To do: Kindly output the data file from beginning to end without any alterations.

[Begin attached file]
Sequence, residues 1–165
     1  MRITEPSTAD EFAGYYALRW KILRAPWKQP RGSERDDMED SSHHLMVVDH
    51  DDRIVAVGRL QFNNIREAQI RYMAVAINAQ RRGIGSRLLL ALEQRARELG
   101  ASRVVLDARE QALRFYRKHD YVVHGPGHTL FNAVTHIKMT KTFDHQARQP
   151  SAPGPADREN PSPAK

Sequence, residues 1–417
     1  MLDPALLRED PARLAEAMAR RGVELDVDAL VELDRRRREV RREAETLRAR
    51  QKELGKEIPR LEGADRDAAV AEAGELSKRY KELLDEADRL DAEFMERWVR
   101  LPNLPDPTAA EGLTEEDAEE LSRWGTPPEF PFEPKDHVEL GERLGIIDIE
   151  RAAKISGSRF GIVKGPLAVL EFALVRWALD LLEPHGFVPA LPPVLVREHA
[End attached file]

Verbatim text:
Sequence, residues 1–165
     1  MRITEPSTAD EFAGYYALRW KILRAPWKQP RGSERDDMED SSHHLMVVDH
    51  DDRIVAVGRL QFNNIREAQI RYMAVAINAQ RRGIGSRLLL ALEQRARELG
   101  ASRVVLDARE QALRFYRKHD YVVHGPGHTL FNAVTHIKMT KTFDHQARQP
   151  SAPGPADREN PSPAK

Sequence, residues 1–417
     1  MLDPALLRED PARLAEAMAR RGVELDVDAL VELDRRRREV RREAETLRAR
    51  QKELGKEIPR LEGADRDAAV AEAGELSKRY KELLDEADRL DAEFMERWVR
   101  LPNLPDPTAA EGLTEEDAEE LSRWGTPPEF PFEPKDHVEL GERLGIIDIE
   151  RAAKISGSRF GIVKGPLAVL EFALVRWALD LLEPHGFVPA LPPVLVREHA